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'We weren't going to let the pandemic stop us:' Cambridge businesses prove resilient

CambridgeToday talks to three businesses that coped with a year of lockdowns by pivoting, rebranding and expanding

Jay Brown can’t wait to see the lights blink on and doors swing open along Queen Street Friday as the city begins its slow reopen.

The province announced it will move into Step One of its reopening plan at 12:01 a.m. June 11 in response to a more robust COVID-19 vaccine rollout, and shrinking daily case counts.

Patios, outdoor fitness facilities, non-essential retail and public swimming pools, are all allowed to open under strict capacity limits laid out by the province. 

But it all comes with a reminder that we’re not out of the woods yet.  

“It is important to continue to practice public health measures, especially avoiding close contact with people you don’t live with, as we look towards Step One of reopening Ontario,” Waterloo region’s associate medical officer of health Dr. Julie Emili, said in a press release.

But for Brown, manager at Press Play Games, and many other independent small business owners, it’s the bright light they’ve been looking for at the end of a long, dark tunnel.

The board-game-themed restaurant he runs while his daughter, owner Alanna Gillis, is on maternity leave, opened in 2018 and expanded a little over a year later to offer in-house dining. 

The dining room had barely been open a month when the pandemic took hold, shutting down the kitchen and pausing the games. 

During the first lockdown, Press Play began offering takeout, opened briefly under “red zone” restrictions, and began renting their games out to customers by March 2021.

“We weren’t going to let the pandemic stop us,” Brown says.

Like many business owners in Hespeler, being from town and committed to keeping the lights on, is what kept them going, he says.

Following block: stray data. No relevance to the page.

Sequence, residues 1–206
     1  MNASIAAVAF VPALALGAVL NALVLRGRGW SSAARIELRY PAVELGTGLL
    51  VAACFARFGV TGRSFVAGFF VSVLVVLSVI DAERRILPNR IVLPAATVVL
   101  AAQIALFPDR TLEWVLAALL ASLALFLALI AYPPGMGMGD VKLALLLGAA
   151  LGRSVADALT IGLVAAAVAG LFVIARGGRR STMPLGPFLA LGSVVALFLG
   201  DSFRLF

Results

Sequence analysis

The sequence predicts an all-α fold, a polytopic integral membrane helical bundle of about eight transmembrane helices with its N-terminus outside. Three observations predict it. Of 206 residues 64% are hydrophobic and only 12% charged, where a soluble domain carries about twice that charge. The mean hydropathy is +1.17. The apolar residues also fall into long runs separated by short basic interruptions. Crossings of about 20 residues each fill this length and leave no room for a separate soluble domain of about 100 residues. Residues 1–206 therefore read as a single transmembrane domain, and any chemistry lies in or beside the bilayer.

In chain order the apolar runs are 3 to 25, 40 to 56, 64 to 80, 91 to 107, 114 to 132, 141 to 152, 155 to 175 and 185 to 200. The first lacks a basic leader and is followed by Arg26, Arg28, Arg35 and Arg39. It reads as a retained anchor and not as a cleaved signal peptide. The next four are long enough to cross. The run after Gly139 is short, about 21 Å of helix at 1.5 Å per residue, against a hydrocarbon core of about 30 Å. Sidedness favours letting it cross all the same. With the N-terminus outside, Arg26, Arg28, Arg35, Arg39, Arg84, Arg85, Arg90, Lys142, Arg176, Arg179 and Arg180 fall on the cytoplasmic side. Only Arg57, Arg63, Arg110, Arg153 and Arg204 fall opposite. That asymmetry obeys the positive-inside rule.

But even with the support of the community, it's been tough.

Since they’re family-owned and operated, Brown says they weren’t eligible for wage subsidies. Fortunately, their landlord helped by applying for rent support. 

“And the community has been great,” he says.

Despite the support, not every Hespeler business made it through.

The Village Well shut down near the start of the pandemic, leaving a large, empty space in the middle of the core. Others got by with the help of online sales and curbside pickup.

Brown says it’s going to take a while for the gaming side of things to return, but when it does, they’re planning to go all-in, not only with board games, but e-sports too. A table of monitors, computers and a high-speed network is ready to welcome gamers. Eventually, they’ll be open seven days a week, he says.

This weekend, they plan to get the back deck patio open and next Saturday they’ll be out front when Queen Street shuts down for vehicular traffic.

For 20 weeks, starting Monday in Galt, where it runs seven days a week, portions of Queen and Main streets will be open for pedestrian traffic only. The program on Queen Street begins June 19 and runs every Saturday through October.

The executive director of the Downtown Cambridge Business Improvement Area says they’d hoped to launch the program last weekend, following the expiry of the stay-at-home order. But that changed with the extension of restrictions for open-air dining.

Brian Kennedy said the decision to kick it off on Monday was based on the province’s original reopening plan. This weekend was too short notice for the city to implement road closures. 

“We’re sticking to June 14,” Kennedy said, noting how difficult it’s been for his office in trying to navigate all the changes.

Helping local businesses get through the pandemic has been the main focus for the BIA over the last year, starting with administration of Digital Main Street grants, and a COVID-19 Business Resiliency Grant.

Digital Main Street is a government program in partnership with Communitech that gives any eligible small business access to up to $2,500 to enhance and strengthen their digital presence for online shopping.

Several local businesses took advantage of the program to boost online sales.